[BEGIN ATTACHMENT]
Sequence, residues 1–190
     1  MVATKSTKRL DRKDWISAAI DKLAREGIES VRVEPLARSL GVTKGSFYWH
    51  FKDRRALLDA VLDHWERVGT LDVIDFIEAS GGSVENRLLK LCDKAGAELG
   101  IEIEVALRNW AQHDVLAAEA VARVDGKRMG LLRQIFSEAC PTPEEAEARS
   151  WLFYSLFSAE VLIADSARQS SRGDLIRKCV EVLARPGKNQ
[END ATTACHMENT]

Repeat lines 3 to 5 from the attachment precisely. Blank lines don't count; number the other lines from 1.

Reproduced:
    51  FKDRRALLDA VLDHWERVGT LDVIDFIEAS GGSVENRLLK LCDKAGAELG
   101  IEIEVALRNW AQHDVLAAEA VARVDGKRMG LLRQIFSEAC PTPEEAEARS
   151  WLFYSLFSAE VLIADSARQS SRGDLIRKCV EVLARPGKNQ